Everyone in India knows her face. Not yet a politician - but a potent political figure, feared by the opposition.
Like members of the Kennedy clan in the United States, she doesn't need polls, recognition surveys, orchestrated media exposure, or speechwriters. She is a Gandhi.
Now Priyanka Gandhi, statuesque daughter and granddaughter of assassinated prime ministers, whose mother is a candidate for premier in the current national elections, has stepped quietly but clearly into the political limelight of the world's largest democracy. The move may have one of the longest-term implications in the sprawling month-long elections that end Oct. 3.
Ms. Gandhi is not running for office herself. But here on a tiny patch of northern India that has produced four prime ministers and a political family that dates to India's early freedom struggles in the 1920s, the symbolism of a Gandhi daughter stepping in and campaigning amid ecstatic crowds suggests the Nehru-Gandhi "dynasty" will reach into the next century.
"You will see her enter very quickly into active politics after this election," says Manu Singh, a family friend. "She has been preparing for 29 years."
If Sonia Gandhi wins both seats she is running for, she will likely give the Amethi berth to her daughter. It would be an extension of a dynasty in a part of the world, south Asia, that has such a powerful traditional ethos of family rule and blood loyalty that states here are sometimes called "feudal democracies."
Often, strong women who are relatives of rulers gain power. Pakistan, Bangladesh, Sri Lanka, Burma, and Malaysia all have women from family dynasties as prime ministers, former prime ministers, or chief opposition figures.
But the longest political dynasty is in India. "You and I have the same thing in our hearts today: my father, Rajiv," says the young Gandhi from a low-riding parade platform covered in rose petals.
In Amethi, Rajiv Gandhi is a hero for trying to turn this district into a model constituency for his family, building roads, bringing in electricity, jobs, and so on. Only 50 miles away lies Allahabad, where Rajiv Gandhi's grandfather, Jawaharlal Nehru, chosen to lead India by Mohandas Gandhi, hails from - and where his father, Motilal Nehru, handed the leadership of the Congress Party to his son in the 1930s.
Even closer is Rae Baraelli, where Feroze and Indira Gandhi, Rajiv's parents, both stood for Parliament. Yet the idea of another Gandhi entering the political arena irritates some Indians. Some say "Gandhi" is a name for the former ruling Congress Party to exploit.
Certainly the name has been the glue that kept bickering members of the party together, one reason Sonia Gandhi, Rajiv's Italian-born widow, has stepped in as head of an often corrupt and lethargic party in decline two years ago.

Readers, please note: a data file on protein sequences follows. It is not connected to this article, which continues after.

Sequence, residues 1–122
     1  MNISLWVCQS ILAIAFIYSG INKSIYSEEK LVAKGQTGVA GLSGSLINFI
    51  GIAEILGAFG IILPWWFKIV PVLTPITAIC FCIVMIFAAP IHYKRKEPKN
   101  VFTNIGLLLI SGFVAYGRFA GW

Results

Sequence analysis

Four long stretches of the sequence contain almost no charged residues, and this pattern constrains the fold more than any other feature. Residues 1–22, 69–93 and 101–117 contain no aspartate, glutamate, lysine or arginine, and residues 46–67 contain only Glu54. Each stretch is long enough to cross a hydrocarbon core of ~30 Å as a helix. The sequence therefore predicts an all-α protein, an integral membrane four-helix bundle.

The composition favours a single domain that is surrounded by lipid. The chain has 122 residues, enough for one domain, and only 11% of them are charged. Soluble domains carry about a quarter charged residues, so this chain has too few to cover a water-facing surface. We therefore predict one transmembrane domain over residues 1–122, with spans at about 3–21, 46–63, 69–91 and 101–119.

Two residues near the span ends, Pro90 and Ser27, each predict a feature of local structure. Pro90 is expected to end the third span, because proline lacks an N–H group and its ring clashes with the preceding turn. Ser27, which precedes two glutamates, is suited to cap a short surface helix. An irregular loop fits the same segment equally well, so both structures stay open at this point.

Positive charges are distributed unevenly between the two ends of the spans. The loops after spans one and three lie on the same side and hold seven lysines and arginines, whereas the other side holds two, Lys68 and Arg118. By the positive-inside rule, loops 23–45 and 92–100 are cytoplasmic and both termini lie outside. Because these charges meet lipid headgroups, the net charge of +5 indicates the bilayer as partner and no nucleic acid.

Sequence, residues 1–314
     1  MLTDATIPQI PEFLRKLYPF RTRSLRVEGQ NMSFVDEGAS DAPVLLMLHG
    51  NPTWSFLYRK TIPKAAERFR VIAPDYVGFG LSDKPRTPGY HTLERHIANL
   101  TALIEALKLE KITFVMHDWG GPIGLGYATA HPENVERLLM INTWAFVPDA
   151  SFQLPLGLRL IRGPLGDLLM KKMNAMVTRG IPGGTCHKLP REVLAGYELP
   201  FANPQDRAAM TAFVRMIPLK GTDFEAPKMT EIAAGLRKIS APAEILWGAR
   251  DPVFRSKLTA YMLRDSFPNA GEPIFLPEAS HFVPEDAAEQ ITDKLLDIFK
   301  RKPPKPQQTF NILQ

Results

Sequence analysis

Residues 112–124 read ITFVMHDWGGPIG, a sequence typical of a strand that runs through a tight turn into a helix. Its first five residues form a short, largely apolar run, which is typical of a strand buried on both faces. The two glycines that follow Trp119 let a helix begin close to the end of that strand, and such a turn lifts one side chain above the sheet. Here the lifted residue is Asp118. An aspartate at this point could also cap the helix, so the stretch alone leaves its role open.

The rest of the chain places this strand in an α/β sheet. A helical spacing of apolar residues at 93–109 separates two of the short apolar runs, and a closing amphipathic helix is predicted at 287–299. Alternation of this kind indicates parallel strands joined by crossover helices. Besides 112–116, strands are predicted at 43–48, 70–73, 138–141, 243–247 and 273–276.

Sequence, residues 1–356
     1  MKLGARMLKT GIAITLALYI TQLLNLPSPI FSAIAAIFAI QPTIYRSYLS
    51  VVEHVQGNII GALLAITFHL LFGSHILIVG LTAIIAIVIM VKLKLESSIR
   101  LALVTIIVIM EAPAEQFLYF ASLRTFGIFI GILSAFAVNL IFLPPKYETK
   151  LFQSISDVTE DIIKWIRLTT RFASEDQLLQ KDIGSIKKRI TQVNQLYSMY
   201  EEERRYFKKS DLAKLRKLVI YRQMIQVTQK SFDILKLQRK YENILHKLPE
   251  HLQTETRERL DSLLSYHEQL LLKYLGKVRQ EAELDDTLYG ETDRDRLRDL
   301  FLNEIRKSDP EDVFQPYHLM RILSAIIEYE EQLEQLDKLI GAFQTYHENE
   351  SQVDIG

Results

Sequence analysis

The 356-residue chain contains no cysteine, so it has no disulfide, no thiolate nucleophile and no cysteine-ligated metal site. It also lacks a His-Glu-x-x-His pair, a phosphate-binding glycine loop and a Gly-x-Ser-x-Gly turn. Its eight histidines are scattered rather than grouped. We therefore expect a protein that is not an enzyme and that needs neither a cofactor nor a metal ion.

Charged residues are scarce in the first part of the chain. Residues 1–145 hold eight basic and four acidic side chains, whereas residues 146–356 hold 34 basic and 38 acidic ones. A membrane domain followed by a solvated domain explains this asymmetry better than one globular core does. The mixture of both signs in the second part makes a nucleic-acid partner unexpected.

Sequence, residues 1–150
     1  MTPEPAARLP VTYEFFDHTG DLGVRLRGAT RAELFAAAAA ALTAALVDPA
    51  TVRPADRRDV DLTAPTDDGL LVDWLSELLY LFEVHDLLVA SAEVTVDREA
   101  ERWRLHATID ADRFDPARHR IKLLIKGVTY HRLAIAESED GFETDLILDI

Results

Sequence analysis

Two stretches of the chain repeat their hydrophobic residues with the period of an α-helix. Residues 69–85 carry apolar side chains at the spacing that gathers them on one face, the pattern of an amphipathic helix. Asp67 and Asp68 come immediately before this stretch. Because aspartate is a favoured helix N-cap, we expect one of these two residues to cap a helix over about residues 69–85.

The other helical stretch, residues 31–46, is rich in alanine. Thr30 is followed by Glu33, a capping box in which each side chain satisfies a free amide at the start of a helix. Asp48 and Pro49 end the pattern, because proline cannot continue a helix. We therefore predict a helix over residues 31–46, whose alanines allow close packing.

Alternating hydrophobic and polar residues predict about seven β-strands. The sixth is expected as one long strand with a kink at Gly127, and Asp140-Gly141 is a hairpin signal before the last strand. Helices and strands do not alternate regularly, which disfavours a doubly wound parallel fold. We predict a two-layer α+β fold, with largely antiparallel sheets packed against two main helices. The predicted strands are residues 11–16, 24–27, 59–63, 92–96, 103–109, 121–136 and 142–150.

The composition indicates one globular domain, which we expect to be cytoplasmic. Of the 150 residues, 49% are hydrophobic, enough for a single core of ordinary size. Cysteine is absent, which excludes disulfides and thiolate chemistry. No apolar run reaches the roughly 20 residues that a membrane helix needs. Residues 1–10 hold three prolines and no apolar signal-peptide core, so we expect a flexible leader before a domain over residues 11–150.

Even author Salman Rushdie has gently parodied the Indian ruling family by referring to its similarities to American TV shows, calling it a "dynasty to rival 'Dynasty,' in a Delhi to rival 'Dallas.' "
Others, however, see the emergence of Priyanka as a positive sign - marking a new generation and a striking persona on a political landscape criticized for lacking both. They also look to Priyanka to carry on the flagging Congress Party ideals of reform, regard for minorities, and a secular India at a time when Hindu nationalist feelings are on the rise.
Priyanka Gandhi says she is busy trying to help her mother get elected. But her fresh face and transparent warmth in the crowds already have changed the dynamics of an election notable for its rancor, mudslinging, and pettiness. When she sits amid a sea of hardened Congress politicians, Gandhi stands out, with her pink saris and distinct features.
In practical terms, these elections are important for the Gandhis. If Sonia Gandhi does not bring a significant victory, then Congress leaders may demand that Priyanka step in more quickly.
Early this month when voting started, many pundits predicted disaster for the elder Gandhi. But things may be shifting, particularly in the crucial state of Uttar Pradesh. Part of the reason is the appearance of the younger Gandhi.
Friends say Priyanka, whose privacy has been jealously guarded, wears her mantle lightly and is very down-to-earth.
One old family friend remembers picking up an eight-year old Priyanka at a dance class where the teacher didn't show. There were only two girls left, and Priyanka insisted the other girl come along. The girl said her parents told her never to do that. Priyanka said, "The school is closed, and you can't be left alone. Your parents would be more worried if we don't take you."
In the US, celebrity culture and instant name recognition now play an important role in a US version of "Dynasty" - as the current campaigns by George W. Bush and Hillary Rodham Clinton suggest. But they don't hold a candle to south Asia's ethos of handing over power. The family name is the family business. What happens next largely depends on the children. Even Supreme Court justices in India are often chosen from the same family.
"In an area ruled for hundreds of years by monarchs and princes, there is a deeply entrenched feudal outlook," says Delhi political writer Inder Malhotra, author of a book on the Gandhi-Nehru dynasty. "Here the liberal traditions of the West don't always hold. People want to know where you've come from. What's your pedigree?"
(c) Copyright 1999. The Christian Science Publishing Society